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DHS finds increasing attempts to hack U.S. election systems ahead of midterms

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DHS finds increasing attempts to hack U.S. election systems ahead of midterms

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Bebeto Matthews AP
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WASHINGTON — The Department of Homeland Security says it's working to identify who — or what — is behind an increasing number of attempted cyber attacks on U.S. election databases ahead of next month's midterms.

"We are aware of a growing volume of cyber activity targeting election infrastructure in 2018," the department's Cyber Mission Center said in an intelligence assessment issued last week and obtained by NBC News. "Numerous actors are regularly targeting election infrastructure, likely for different purposes, including to cause disruptive effects, steal sensitive data, and undermine confidence in the election."

The assessment said the federal government does not know who is behind the attacks, but it said all potential intrusions were either prevented or mitigated.

The techniques used by the hackers are available to nation-state and non-state hackers alike, DHS said, including malicious e-mails that appear to be legitimate and denial of service attacks. The attempted hacks have been intensifying since April and were detected as recently as early October.

For example, the assessment said, three different methods were used in late August in an attempt to get access to Vermont's online voter registration database, but they were unsuccessful.

Vermont Secretary of State Jim Condos confirmed that account, which had not been previously reported, describing it Monday as the kind of attempted hack that states face every day.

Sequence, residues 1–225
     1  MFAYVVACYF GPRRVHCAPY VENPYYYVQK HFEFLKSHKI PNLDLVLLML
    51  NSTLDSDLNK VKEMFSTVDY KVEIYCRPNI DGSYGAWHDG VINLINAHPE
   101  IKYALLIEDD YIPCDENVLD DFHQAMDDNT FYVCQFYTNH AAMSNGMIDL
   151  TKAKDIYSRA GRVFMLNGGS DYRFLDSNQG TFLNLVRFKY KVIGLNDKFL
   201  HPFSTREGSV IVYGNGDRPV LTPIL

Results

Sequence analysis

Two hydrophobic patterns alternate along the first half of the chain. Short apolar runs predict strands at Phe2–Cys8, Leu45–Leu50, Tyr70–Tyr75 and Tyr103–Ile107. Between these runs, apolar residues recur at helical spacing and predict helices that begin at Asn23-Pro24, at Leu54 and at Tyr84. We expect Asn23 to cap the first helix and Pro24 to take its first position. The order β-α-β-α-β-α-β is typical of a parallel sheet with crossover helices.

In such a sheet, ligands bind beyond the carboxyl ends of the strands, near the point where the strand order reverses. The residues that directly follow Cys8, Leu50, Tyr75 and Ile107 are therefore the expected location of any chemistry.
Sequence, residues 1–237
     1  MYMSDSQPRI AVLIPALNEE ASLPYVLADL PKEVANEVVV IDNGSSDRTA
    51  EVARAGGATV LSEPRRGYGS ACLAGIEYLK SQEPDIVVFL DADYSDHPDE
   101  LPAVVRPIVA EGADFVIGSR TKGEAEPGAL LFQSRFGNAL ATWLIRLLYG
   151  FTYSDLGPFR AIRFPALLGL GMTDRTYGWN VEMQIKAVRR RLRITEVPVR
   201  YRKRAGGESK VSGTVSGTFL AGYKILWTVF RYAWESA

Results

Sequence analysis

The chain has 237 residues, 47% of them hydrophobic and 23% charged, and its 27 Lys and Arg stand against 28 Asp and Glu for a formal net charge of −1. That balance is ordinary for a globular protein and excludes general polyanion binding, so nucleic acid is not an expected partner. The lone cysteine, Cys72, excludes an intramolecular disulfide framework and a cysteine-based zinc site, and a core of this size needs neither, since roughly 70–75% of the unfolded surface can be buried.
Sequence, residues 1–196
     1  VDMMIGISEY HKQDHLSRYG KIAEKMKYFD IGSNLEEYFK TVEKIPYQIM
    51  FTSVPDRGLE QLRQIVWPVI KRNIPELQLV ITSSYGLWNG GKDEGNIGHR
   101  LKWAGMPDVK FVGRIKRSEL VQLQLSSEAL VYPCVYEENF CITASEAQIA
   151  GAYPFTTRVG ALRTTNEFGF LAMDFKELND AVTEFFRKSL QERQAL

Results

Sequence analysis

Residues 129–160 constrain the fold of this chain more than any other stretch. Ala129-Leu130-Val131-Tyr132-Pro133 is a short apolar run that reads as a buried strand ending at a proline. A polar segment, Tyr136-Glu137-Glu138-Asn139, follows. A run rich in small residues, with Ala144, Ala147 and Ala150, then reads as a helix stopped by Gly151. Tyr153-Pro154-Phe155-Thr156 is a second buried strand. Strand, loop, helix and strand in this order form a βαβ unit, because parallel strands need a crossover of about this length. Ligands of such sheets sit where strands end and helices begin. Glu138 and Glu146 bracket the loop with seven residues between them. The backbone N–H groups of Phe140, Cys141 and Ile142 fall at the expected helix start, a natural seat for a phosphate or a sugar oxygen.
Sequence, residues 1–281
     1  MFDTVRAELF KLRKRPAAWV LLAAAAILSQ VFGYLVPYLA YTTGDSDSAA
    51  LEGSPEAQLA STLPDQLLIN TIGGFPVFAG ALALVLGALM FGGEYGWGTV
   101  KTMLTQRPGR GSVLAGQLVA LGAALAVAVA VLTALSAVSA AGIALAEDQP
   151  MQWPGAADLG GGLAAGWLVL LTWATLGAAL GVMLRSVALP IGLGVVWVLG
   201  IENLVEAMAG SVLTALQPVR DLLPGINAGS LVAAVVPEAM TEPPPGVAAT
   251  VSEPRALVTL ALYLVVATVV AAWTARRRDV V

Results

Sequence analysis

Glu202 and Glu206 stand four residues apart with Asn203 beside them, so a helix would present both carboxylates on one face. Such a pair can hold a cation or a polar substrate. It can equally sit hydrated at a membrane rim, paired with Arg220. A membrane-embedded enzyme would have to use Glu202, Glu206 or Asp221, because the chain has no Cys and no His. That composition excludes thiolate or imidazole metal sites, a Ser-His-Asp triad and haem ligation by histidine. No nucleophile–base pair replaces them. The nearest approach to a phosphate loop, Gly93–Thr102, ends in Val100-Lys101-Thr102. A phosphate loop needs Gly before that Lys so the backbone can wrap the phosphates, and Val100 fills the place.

"The good news is that our defenses are robust, were in place, and did their job," he said in a telephone interview.

The voter registration list is backed up every day, Condos added, "so if it were somehow to be breached, we would just go back 24 hours and reset it. We'd only lose one day's worth. And we also have same-day voter resignation, which means that no one would be denied on election day."

As for attempts by foreign governments to influence the U.S. political environment, the intelligence bulletin said Russia and China remain active, though in different ways. Russia attempts to spread disinformation with hackers posing as Americans, while China is engaged in more conventional propaganda efforts.

Homeland Security Secretary Kirstjen Nielsen told a Senate hearing last week that China "is exerting unprecedented effort to influence American opinion." But she said the US not seen "any Chinese attempts to compromise election infrastructure."

American intelligence officials have consistently said they have not seen evidence that foreign adversaries are targeting U.S. voting systems this year with the intensity that Russia is said to have deployed in 2016, when its hacking attempts were detected in 21 states.

"We currently have no indication that a foreign adversary intends to disrupt our election infrastructure," Nielsen said earlier this month at a cybersecurity summit hosted by The Washington Post.